You reach in the refrigerator for a cold drink and think that the cans don’t feel as cold as usual. You write it off to just not remembering when you put them in, or the fact that it’s a really hot day, or that you put a lot of warm stuff in the refrigerator . . . whatever.
But a little later when you go to get something else out, you can’t deny the fact: it’s not as cold in there as it should be. Maybe the frost on the chill plate is melting. Maybe things in the freezer are thawing. Uh-oh. [I know, I know . . . if you don’t have refrigeration, you don’t have these problems.]
And your first thought is that it’s a problem with the refrigerator. [Well, duh . . . the refrigerator is not keeping cold so it’s OBVIOUSLY a problem with the refrigerator!]
So you start by pulling out the owner’s manual, any repair books you have or maybe you proceed straight to the big guns and call the refrigerator technician.
All of the above happened to us. The refrigerator had been working just fine and the weather hadn’t suddenly turned hot, nor was there any obvious explanation for the problem. So we assumed that the refrigerator needed to be recharged. We read up on the procedure, borrowed gauges and proceeded to do it. No improvement.
We then decided that the problem was beyond us and called in the refrigerator repairman. He figured that we had added too much refrigerant, so evacuated it all and then recharged it, leaving us with instructions on how to let out a tiny bit more gas if it still wasn’t cooling right. And he told us to allow 24 to 48 hours for everything to “settle out.”
Two days later, it was obvious that refrigeration was worse, not better. And now the refrigerator was running literally all the time, and eating up every bit of power we had. Normally, our solar panels could keep up with our power needs but now they weren’t. We were having to run the engine for a couple of hours a day — yikes!
And so we just turned the refrigerator off, except when we were actually testing something on it. Drinks went in a cooler (luckily we were anchored in a town and could get ice) and we otherwise did without refrigeration.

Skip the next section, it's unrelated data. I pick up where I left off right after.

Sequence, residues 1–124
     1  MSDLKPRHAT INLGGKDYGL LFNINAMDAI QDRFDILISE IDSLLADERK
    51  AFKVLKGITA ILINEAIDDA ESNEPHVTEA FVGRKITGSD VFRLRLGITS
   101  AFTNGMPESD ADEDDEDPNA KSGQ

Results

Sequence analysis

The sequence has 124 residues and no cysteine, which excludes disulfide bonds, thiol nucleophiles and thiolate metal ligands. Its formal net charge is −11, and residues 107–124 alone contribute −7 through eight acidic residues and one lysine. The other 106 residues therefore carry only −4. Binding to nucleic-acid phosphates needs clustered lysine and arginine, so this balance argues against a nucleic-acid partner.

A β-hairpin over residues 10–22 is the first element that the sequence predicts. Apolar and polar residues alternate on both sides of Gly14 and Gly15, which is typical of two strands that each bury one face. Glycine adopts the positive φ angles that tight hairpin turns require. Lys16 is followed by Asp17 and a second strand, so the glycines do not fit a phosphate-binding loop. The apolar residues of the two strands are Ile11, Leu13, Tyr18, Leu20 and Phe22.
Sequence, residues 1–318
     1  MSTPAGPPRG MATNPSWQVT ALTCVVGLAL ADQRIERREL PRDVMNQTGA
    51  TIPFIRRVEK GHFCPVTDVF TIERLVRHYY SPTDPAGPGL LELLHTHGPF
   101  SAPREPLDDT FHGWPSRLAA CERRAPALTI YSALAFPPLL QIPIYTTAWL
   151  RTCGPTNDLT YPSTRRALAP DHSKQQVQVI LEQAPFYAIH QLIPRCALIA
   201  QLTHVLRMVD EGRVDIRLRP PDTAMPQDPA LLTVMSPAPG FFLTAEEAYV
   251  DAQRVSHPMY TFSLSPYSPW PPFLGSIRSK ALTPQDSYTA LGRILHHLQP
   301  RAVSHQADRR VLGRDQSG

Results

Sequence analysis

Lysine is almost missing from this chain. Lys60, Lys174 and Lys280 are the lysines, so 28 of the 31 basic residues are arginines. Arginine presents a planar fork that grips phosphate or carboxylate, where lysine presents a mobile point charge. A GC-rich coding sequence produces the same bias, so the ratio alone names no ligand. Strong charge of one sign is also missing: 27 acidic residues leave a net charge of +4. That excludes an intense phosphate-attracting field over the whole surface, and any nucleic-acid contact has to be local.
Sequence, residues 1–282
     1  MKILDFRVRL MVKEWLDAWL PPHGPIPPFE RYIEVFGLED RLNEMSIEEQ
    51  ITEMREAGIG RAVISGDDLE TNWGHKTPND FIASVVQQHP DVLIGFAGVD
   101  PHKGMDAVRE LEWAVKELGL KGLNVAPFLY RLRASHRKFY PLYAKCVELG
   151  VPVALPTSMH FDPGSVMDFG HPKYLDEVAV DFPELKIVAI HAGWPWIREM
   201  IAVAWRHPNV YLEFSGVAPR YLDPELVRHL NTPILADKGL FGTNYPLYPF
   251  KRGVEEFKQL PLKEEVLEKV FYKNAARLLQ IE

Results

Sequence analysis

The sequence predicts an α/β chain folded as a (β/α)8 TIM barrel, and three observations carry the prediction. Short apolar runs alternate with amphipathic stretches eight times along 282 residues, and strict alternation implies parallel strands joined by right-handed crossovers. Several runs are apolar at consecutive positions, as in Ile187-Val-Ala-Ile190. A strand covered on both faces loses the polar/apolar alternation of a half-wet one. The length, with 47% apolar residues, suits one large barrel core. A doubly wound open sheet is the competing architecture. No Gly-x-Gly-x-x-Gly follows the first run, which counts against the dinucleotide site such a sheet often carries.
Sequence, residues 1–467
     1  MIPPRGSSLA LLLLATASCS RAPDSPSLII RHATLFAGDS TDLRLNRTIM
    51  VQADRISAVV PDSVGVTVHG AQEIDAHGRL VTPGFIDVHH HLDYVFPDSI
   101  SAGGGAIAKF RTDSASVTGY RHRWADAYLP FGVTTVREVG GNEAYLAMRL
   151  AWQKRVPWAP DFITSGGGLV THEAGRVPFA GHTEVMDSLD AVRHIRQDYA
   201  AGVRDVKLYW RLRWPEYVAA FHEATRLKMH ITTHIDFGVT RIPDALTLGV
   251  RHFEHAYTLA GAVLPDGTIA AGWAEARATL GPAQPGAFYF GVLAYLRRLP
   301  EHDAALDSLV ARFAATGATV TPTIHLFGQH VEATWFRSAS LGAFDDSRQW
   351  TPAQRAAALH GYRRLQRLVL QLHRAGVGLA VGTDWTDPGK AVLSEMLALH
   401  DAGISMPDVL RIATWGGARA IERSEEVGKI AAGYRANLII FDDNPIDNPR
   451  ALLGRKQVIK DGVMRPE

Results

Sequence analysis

That’s when we had the big revelation: even without the refrigerator on, our batteries were drained overnight. While the solar panels were putting power into the batteries, the batteries weren’t holding the charge and thus the voltage was down most of the day (mid-day the voltage was up when the sun was at its peak with the solar panels).
So how did this affect the refrigerator? With low voltage, the compressor didn’t operate efficiently and thus the box didn’t cool as well. The thermostat kept saying that the box wasn’t cool, and told the compressor to run longer. The compressor running longer took more battery power, dropping the voltage still further. And the circle continued ever downward . . .
Three days later, we had new batteries (I’ll spare the details of the fun we had other than to say that Dave used almost all his “sailor who worked in a steel mill” words as we got the old ones out and the new ones in to a very inaccessible compartment and hooked them all up) and a few hours later we had a COLD BEER from the refrigerator!
Moral of the story: If your refrigerator isn’t as cold as it was, and is running more and more with no apparent cause such as suddenly hotter weather, it might not be a problem with the refrigerator but with your batteries.
After the fact, we discovered that the “troubleshooting panel” on the refrigerator compressor did have a light for low voltage, but we missed seeing it because of the way that the unit was mounted. We later helped some other cruisers figure out similar problems by knowing to look for this. One note, though: to check for low voltage, all charging sources (solar, wind, alternator or generator) have to be off, typically for a half hour or longer.